Offense ahead of defense for ASU Hoops

For most years during the Herb Sendek era in Tempe, ASU's stifling zone defense has been one of the main factors of its success. While that scheme remains unchanged coming into the 2011-12 season, a fairly experienced Sun Devil squad is actually excelling thus far in the pre-season more with a new offensive system rather than mastering a familiar defensive system.

It's certainly not uncommon for a basketball team three or so weeks into pre-season practices to be playing far from its full potential. Nonetheless, after an expected rough start Sendek feels that his team has made significant improvement in the last three practices and those sessions have been far and above any practice the team has gone through up to this point.

"Having said that we have our feet on the ground and we have still a lot of work to do," Sendek admitted. "But we have started to understand what we are trying to accomplish offensively better. For this early in the season, we have taken very few bad shots. The guys have had almost a natural inclination to move and share the ball and make the right plays. The last three days the offensive execution saw a big spike."

"Defensively we haven't been as good, despite that being something we emphasize with great importance since the first day. We still have a lot of work to do on the defensive end. We really tried to emphasize rebounding and we haven't rebounded the way we ideally need to yet, defensively. We're very much work in progress defensively. We're going to have to be much better in that area."

The ASU head coach doesn't feel that there have been sweeping changes on offense and that his players this year are given the freedom to make reads and attack the basket, rather than play in a highly rigid scheme.

"We've tweaked it to allow us to play a variety of combination of players," Sendek explained. "We tweaked it to be better in transition. We tweaked it to continue to incorporate ball screens as much as we can."

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One of those combinations will undoubtedly be playing center Ruslan Pateev and forward Kyle Cain in the same lineup, rather than both of them spelling each other as was the case all of last year. Pateev's development in the pre-season is a major reason why this combination is not only possible, but one that figures to be part of the Sun Devils' current starting five.

"Yesterday in practice (Pateev) was 10 of 13 from the field," Sendek recalled. "I think he is playing with a good measure of confidence right now. He and Kyle Cain are two of our young front-court guys that I think right now are in a really good place. They're playing the best basketball in their careers at Arizona State in practice over the course of the last week.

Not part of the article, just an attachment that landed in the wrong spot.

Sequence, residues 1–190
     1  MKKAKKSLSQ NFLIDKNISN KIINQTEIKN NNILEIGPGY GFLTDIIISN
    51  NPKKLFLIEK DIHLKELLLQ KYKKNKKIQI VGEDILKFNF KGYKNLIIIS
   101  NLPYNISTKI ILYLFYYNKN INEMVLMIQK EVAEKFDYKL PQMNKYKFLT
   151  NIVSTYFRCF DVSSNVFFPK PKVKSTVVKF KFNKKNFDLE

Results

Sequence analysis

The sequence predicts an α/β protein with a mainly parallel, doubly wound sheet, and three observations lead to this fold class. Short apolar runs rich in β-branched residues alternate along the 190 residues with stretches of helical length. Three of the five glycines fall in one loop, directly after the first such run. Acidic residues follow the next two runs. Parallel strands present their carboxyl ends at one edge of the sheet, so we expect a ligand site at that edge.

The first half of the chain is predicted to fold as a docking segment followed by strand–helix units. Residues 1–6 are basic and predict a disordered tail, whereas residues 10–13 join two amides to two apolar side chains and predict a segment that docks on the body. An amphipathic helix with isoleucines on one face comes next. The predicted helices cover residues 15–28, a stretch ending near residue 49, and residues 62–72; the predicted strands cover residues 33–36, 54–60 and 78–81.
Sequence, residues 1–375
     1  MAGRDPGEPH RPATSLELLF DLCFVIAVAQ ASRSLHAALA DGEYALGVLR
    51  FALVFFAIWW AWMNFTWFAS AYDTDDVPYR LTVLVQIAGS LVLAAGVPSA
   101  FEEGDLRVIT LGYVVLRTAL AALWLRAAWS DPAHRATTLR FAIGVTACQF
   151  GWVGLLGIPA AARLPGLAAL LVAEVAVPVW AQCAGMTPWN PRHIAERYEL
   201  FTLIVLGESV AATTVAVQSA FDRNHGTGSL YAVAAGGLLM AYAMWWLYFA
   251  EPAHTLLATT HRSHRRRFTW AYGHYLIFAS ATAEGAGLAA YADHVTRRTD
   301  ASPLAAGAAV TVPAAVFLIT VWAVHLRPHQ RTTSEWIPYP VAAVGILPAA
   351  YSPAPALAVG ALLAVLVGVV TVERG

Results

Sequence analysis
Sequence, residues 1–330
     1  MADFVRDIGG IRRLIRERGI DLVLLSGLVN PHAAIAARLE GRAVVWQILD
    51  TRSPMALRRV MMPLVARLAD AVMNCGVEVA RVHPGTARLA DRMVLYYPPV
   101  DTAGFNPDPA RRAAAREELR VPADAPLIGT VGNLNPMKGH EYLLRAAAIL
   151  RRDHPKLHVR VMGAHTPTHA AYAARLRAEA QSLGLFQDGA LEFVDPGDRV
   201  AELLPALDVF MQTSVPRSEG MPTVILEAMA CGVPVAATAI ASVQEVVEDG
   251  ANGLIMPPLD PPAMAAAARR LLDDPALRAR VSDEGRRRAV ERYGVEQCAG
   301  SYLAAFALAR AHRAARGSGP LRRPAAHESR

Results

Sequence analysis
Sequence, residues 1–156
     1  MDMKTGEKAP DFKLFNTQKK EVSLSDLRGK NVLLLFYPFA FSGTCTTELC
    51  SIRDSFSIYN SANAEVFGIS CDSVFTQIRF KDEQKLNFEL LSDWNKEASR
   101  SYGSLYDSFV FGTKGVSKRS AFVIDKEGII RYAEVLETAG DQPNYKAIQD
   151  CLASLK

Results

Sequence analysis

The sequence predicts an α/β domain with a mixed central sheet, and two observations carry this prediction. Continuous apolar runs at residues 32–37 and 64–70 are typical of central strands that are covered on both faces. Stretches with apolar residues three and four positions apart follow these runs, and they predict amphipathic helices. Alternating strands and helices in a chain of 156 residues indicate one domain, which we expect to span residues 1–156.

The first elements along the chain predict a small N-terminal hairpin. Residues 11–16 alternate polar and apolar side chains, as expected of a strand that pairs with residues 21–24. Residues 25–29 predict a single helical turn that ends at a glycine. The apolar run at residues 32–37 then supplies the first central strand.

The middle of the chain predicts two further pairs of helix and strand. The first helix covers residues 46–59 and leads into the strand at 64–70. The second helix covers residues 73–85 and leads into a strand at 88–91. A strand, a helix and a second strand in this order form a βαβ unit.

"We have been able to give them the ball inside. They are understanding angles and some of the nuances of the post-up game. They're finishing. I've just been really encouraged by some of their progress."

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Both sides of the court for ASU will have a very unique test this Saturday, as they play a rare road exhibition game. They actually won't have to leave Maricopa County for this endeavor, as they travel to West Phoenix to play Grand Canyon University and help christen their much-publicized new arena.

"It's a special night from the standpoint that Grand Canyon is opening up a brand new, beautiful facility,'' Sendek said. "(Grand Canyon coach) Russ Pennell, a friend of ours, a former ASU (assistant) coach as well as U of A, asked if we'd come over and open the gym for him. He thought it'd generate a lot of interest and really be a good thing for basketball in the Valley. And we agreed to do it.

"From what I understand the game is sold out. The Grand Canyon folks have done a tremendous job promoting it. It should be a really challenging experience, first weekend of November for our team, to go on the road in that kind of environment and play. From that standpoint it should have terrific value for us."


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